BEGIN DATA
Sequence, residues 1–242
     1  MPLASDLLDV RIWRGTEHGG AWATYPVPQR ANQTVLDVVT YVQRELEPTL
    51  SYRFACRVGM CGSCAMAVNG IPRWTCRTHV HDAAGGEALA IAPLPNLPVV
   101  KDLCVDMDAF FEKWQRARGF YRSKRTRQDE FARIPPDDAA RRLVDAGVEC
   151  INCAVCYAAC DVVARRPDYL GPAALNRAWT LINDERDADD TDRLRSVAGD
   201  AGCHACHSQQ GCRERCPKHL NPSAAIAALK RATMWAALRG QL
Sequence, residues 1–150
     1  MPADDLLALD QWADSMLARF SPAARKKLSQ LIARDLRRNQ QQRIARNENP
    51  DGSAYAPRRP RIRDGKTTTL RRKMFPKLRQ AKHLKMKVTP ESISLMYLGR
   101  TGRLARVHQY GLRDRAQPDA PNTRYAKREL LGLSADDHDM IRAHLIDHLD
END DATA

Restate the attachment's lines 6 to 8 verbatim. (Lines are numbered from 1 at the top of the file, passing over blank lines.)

   201  AGCHACHSQQ GCRERCPKHL NPSAAIAALK RATMWAALRG QL
Sequence, residues 1–150
     1  MPADDLLALD QWADSMLARF SPAARKKLSQ LIARDLRRNQ QQRIARNENP